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Omar Faruk Tekbilek. 'We're all the children of God'
Photo: Shimi Nechtailer

Turkish flautist defies Israel boycott

Despite calls to cancel arrival, Omar Faruk Tekbilek plans to perform at Tamar Festival as planned next week. 'I'm not a political person,' he says, 'and besides, our people have not become enemies'

CONNECTICUT – Turkish flautist Omar Faruk Tekbilek will perform next Sunday at Tamar Festival, which will be held for the 12th time at the Dead Sea.

 

Over the past 15 years, Tekbilek has performed in thousands of festivals in front of hundreds of thousands of people across the world, sold millions of albums and won important awards.

 

This will be his 15th or 16th visit to Israel since 1998. He has been living in the United States for years, but is still identified with Turkey and knows that he is arriving in Israel at a sensitive time.

 

"I'm definitely aware of what has been happening between the countries recently, and I feel a lot of pain. I'm not a political person and I'm not coming to Israel as part of some political agenda, but as a musician.

 

"I will perform at the Tamar Festival, as well as in Nazareth with Arab musicians. I don't want to discriminate against anyone."

 

Natacha Atlas, one of the most successful world music artists, called off a planned concert in Israel last week. The cancellation announcement reached Tekbilek's inbox.

 

"A Palestinian organization made sure to send me the letter, in which she explains why she decided not to perform in Israel. They wanted me to cancel too. But musicians transcend politics. We don't have to carry ideological flags, but allow people to forget their troubles and move the audience to a majestic spiritual dimension.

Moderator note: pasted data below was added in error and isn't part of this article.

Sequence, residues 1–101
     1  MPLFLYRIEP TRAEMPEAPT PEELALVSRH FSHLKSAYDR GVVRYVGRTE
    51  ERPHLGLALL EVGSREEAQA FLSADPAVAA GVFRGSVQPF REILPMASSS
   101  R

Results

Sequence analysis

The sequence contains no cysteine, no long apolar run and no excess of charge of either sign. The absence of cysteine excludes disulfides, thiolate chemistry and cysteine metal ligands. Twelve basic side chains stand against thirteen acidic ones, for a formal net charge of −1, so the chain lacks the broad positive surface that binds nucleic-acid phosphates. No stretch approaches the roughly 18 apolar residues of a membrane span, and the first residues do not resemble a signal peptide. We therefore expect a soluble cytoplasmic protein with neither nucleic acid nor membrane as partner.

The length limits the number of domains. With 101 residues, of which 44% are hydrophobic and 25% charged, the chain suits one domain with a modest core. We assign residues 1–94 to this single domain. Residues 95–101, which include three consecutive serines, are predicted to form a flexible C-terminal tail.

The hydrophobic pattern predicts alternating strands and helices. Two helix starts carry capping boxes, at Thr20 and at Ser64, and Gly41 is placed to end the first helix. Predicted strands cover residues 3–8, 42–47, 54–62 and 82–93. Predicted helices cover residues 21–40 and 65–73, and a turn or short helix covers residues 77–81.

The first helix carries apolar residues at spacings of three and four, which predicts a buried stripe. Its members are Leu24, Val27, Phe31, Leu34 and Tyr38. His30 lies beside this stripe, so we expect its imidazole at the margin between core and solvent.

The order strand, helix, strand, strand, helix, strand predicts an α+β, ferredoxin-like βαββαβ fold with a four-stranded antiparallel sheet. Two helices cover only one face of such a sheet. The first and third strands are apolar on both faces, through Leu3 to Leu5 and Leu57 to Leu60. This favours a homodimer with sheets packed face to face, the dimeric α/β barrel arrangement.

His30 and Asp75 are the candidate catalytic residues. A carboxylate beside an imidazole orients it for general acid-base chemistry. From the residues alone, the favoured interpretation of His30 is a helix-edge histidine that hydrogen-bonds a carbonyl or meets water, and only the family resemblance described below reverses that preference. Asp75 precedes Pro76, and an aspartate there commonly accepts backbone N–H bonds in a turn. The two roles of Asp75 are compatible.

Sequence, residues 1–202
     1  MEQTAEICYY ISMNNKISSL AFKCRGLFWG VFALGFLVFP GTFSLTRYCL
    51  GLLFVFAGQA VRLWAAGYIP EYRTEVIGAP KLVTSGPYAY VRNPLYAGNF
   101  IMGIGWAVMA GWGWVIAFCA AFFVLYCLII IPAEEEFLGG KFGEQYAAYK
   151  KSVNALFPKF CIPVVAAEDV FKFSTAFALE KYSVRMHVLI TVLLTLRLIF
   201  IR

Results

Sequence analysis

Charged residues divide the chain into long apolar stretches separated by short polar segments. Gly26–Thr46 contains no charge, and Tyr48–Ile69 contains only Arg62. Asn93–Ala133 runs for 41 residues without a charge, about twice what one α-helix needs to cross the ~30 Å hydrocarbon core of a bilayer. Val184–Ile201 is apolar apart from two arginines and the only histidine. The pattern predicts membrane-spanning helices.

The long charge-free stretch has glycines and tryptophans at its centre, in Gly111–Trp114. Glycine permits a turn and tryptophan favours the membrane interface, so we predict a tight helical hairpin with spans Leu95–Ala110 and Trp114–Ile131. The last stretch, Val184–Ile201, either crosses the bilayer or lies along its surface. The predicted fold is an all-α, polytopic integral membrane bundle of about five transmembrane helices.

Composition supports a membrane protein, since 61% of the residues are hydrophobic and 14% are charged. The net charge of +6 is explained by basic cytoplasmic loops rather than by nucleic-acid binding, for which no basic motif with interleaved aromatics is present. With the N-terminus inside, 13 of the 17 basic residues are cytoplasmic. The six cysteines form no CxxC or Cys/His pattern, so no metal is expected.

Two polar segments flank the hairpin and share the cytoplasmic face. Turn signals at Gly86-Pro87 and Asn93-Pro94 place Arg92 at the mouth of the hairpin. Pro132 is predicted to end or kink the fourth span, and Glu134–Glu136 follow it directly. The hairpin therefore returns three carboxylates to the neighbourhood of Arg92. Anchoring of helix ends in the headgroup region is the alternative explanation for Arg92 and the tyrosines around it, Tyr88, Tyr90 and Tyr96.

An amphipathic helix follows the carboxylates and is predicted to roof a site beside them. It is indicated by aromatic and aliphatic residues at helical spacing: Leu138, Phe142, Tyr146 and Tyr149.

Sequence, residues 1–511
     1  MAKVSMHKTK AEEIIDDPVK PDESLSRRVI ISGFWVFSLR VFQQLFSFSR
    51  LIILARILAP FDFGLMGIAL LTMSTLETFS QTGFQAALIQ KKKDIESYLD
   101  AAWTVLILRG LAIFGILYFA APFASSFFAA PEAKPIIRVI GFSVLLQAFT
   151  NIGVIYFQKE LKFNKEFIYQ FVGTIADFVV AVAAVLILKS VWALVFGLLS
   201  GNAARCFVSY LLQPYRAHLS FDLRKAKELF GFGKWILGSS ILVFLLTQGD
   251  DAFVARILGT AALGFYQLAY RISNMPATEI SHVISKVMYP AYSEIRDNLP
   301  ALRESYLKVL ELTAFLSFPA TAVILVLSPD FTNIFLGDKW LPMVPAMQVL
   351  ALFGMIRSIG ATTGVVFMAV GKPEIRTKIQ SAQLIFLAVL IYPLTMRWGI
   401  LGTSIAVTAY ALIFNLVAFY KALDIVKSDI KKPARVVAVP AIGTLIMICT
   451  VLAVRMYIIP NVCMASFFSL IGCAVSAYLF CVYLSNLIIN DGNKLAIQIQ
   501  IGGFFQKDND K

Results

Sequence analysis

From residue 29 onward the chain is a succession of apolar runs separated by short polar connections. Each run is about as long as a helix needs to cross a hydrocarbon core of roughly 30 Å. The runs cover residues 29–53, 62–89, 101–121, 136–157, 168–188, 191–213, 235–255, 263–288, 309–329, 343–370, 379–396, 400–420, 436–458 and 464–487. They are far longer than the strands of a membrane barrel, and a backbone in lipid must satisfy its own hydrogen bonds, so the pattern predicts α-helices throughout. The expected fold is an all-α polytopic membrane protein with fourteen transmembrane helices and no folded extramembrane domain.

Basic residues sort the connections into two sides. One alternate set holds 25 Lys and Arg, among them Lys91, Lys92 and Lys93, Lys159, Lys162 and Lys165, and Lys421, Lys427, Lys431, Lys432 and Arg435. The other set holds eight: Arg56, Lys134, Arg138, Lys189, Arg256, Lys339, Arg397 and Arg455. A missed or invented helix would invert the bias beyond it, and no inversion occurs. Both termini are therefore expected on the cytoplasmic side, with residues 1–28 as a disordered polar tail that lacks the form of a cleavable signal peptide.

"My job is to connect them to their souls so that they can handle daily life better. The political conflict is a story of 2,000-3,000 years. It's not something I or 1,000 politicians can solve. I pray that the Palestinian get their own state and that things turn out well for everyone."

 

In spite of the growing political unrest in the Middle East, Tekbilek seems optimistic. "People tell me the world is getting worse. And I say not at all. We've always had unnecessary and foolish killings here.

 

"You look at the Bible, and what do you see? That Adam's son killed his brother. And I say, Adam sees his son kill his brother, and what does he do? Does he kill him? No. And this is the exact point we must look at. Don't lose your love for another even if he made a mistake. Don't ignite the flames even more.

 

"It's all part of a work plan created by God. God creates the conditions for us. Even if the situation looks bad, something good will come out of it."

 

Do you see a certain process the Turkish society is going through, which has led to what is happening between Turkey and Israel?

 

"No. It's all political. Despite such things and others that happen on each side, there is a lot of understanding between the sides. Our people have not become enemies.

 

"As far as I am concerned, wherever I look I see the sons of God. I don't care if it's a Jew, Christian or Muslim. That's why, at the end of each concert, I don't turn my back on the audience. I walk slowly, backwards, backstage. I can't turn my back on anyone."

 

You celebrated your 60th birthday this year. Have you discovered anything new?

 

"Yes, I discovered that I appreciate every single minute much more that I used to. I finally stop to breathe, take a proper breath. Life is much tastier now."

 

 


פרסום ראשון: 10.11.11, 10:40
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